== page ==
One final change that happens automatically at this time of year concerns the music system in our house. My home automation software includes multi-channel audio playback through a zoned-audio switch. This allows any one of three sound cards to be connected to any set of speakers in the home. This means you can have exactly the same music playing across a whole floor, or indeed throughout the house, without any lag between rooms. In effect this is a poor man’s Sonos as the cost of each additional source is about $7.50 for a USB sound card plus about $150 for a single zone amplifier. You instruct the music system to play back music either by chatting to it on Instant Messenger (it has its own XMPP address), by emailing it, or by putting an entry on the house’s own Google calendar telling it when to start playback. For example, ‘play songs added this week in office’ would begin playback of any new music added to the system this week. And, the change that happens at this time of year is that the music playback subsystem allows Christmas music to play. That’s right, for the rest of the year, no matter what random selection of music you ask it to play (e.g. every song with the word ‘Bing’ in the title, artist or album) you will not hear any Christmas music. This is one feature iTunes and every other music player should adopt!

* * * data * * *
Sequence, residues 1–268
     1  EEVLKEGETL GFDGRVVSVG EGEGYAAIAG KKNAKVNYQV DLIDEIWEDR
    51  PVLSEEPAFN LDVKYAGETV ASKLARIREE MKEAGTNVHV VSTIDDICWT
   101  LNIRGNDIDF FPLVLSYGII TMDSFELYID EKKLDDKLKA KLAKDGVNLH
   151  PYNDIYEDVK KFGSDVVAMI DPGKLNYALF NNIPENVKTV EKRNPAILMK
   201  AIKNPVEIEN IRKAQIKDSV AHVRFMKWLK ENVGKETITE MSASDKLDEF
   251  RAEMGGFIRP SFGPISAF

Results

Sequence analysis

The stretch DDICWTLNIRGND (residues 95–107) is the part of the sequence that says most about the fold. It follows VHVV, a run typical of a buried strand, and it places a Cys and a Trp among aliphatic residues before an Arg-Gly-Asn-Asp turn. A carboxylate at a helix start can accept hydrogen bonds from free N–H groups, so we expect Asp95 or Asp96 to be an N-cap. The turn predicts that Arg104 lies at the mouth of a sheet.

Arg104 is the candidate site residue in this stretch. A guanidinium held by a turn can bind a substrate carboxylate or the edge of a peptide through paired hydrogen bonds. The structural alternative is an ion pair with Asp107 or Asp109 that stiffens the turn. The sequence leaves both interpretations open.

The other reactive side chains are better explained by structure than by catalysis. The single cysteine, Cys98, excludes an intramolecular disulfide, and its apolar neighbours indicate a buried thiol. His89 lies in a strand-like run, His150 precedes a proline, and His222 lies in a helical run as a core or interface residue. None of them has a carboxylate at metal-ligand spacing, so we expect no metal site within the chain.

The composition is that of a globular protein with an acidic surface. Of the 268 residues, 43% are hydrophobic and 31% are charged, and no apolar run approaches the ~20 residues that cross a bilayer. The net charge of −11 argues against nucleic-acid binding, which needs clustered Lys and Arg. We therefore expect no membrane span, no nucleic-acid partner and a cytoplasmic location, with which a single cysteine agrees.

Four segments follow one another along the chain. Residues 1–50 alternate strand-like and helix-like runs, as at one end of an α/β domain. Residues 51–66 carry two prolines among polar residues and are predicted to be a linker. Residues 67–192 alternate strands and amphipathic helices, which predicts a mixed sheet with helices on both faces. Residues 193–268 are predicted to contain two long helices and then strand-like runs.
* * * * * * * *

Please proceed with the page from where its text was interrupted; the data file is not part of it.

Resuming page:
So my home automation isn’t ever going to get to zero, but 40% reduction in electricity is still a lot better than nothing!
An interesting approach to future proofing your home with conduit but seriously, who is going to pay $100 a run for this?
If you have a crawl space and attic you need a top to bottom conduit and maybe a few conduit runs behind locations where you have or might have any AV equipment but putting 3 of these in every room isn’t going to be a good investment. Smurf rube would work just as well for most people.